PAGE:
Below, please find a discussion of recent developments in New Hampshire and New York.
The New Hampshire Office of the Attorney General recently has indicated that, going forward, it will interpret state campaign finance law to require certain corporations making contributions in the state to register and report as political committees. In the same guidance, the Attorney General’s Office noted an increased focus on enforcement surrounding campaign finance filings in general.
Under New Hampshire law, a “political committee” includes, among others, “any organization that does not have as its major purpose to promote the success or defeat of a candidate or candidates or measure or measures but that makes expenditures that total $5,000 or more in a calendar year.” The Attorney General’s Office, which enforces the law, issued written guidance recently that suggested in a footnote that the Attorney General’s Office interprets this provision to require a corporation to register if it contributes at least $5,000 in the state in a calendar year. The Attorney General’s Office subsequently confirmed this new interpretation of the law informally by phone.
Thus, though this law has been in place for several years and corporations have not to this point been registering, going forward corporations that contribute in New Hampshire should track their contributions towards the $5,000 per calendar year threshold and should register and report if required.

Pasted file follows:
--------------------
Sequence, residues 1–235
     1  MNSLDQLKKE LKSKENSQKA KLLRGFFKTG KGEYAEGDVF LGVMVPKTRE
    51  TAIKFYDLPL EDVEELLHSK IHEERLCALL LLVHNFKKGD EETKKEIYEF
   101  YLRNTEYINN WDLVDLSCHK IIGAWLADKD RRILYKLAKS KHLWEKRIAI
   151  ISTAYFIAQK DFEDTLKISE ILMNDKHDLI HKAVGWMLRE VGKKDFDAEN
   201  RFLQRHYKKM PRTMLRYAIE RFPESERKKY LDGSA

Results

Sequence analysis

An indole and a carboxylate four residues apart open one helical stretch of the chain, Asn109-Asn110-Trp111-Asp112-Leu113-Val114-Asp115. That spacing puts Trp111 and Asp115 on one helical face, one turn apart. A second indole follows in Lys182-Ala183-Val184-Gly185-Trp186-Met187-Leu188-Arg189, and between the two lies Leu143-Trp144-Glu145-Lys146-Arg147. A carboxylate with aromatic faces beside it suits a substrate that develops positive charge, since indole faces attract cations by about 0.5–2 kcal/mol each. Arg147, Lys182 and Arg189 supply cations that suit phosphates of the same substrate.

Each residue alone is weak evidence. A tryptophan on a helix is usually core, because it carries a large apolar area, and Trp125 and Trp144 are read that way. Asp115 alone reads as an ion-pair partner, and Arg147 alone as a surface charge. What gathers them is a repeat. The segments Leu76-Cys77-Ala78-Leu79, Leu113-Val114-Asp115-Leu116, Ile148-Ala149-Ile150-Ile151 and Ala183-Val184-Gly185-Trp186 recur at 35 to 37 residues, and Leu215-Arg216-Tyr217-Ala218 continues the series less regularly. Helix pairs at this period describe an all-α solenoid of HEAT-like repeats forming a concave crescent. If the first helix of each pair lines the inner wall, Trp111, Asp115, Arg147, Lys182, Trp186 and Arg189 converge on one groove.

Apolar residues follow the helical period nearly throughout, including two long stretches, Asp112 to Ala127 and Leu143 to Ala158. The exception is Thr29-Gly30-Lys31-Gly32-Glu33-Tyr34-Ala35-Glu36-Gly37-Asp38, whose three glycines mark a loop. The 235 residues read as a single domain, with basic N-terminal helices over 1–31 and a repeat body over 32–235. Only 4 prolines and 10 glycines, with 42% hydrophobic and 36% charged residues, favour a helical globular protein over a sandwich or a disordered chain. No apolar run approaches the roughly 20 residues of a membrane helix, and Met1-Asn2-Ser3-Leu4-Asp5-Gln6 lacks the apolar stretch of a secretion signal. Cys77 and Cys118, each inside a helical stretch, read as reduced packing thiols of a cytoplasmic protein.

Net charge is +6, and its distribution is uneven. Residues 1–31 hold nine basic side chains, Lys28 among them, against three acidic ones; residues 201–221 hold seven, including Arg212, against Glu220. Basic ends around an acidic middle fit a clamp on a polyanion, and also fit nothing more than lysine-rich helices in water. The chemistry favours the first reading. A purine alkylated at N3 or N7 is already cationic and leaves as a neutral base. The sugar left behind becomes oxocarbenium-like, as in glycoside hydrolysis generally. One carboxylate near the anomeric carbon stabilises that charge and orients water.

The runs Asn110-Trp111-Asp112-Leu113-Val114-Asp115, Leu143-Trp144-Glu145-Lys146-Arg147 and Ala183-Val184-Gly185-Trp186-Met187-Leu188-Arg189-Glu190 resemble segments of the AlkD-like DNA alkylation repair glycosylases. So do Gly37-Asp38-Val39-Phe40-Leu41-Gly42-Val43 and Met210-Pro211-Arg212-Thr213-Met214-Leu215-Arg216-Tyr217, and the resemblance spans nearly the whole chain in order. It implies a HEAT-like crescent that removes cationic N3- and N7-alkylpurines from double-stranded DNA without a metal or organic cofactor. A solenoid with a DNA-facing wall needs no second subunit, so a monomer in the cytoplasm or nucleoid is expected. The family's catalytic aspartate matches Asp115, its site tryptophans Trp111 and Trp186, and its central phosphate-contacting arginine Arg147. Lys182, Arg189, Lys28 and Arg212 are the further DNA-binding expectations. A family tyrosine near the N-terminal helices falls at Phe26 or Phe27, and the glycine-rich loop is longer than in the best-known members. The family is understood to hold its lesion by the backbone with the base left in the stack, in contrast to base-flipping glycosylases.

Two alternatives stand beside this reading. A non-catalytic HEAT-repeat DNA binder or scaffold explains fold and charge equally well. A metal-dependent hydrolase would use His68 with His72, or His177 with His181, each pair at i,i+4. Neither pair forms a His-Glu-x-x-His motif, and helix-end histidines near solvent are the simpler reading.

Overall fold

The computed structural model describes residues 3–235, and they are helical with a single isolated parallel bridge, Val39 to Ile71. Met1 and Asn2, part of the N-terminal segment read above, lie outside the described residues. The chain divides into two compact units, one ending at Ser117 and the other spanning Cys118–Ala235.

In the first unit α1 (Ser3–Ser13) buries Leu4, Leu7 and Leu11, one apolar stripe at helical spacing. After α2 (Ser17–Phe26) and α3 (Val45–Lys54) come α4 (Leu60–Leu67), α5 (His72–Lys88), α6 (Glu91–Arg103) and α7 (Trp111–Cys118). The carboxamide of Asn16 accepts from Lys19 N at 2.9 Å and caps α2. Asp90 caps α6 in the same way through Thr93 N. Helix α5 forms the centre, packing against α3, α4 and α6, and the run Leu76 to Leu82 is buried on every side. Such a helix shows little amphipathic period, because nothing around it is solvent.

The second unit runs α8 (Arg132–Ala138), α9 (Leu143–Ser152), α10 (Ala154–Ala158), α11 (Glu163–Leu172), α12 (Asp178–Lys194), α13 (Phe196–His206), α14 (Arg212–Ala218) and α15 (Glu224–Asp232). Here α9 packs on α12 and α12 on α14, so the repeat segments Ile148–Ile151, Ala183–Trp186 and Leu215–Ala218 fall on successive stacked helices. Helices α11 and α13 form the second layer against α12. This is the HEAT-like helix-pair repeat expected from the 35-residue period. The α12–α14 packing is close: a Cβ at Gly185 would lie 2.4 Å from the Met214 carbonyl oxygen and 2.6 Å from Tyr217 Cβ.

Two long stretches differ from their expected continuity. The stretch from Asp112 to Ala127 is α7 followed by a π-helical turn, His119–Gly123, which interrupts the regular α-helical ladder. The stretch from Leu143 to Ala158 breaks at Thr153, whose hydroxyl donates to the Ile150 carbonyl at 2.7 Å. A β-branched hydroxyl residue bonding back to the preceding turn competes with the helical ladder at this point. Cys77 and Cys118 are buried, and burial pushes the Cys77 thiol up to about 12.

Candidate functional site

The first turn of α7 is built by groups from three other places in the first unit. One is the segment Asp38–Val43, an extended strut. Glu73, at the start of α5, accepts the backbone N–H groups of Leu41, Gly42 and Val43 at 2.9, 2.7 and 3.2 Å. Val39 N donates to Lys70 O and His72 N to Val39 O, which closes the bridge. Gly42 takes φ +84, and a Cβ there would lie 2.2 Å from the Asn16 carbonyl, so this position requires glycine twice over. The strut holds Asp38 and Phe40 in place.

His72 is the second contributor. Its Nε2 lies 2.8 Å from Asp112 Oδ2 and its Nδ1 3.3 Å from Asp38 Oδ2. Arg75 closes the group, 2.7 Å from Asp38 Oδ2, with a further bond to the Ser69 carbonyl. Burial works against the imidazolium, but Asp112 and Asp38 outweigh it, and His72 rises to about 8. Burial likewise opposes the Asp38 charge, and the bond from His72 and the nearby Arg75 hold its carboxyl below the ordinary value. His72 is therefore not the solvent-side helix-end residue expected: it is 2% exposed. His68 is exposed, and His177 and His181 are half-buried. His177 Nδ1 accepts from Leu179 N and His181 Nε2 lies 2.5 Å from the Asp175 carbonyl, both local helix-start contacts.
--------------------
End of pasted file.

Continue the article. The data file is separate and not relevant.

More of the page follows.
New York Gov. Andrew Cuomo recently signed Assembly Bill 3137 (the law), codifying the New York comptroller’s long-standing policy against placement agents soliciting the New York State Common Retirement Fund (the CRF). The policy has been in place since 2009, implemented through a series of temporary regulations. Effective on August 21, 2018, the law incorporates the policy into statute. Under the law, the CRF may not engage, hire, invest with or commit to an investment manager that has used the services of a placement agent or other intermediary to assist in obtaining CRF investments. The law defines “placement agent or other intermediary” to include any person or entity, including a registered lobbyist, that is directly or indirectly engaged and compensated by an investment manager to promote investments to or solicit investment by the CRF, whether compensated on a flat fee, a contingent fee or any other basis. However, the term does not include employees of the investment manager or its affiliates unless they are employed principally for the purpose of securing or influencing the decision to secure a particular investment transaction or investment by the CRF. Furthermore, the CRF may not engage, hire, invest with or commit to an investment manager without obtaining a certification that the investment manager has complied with this prohibition.
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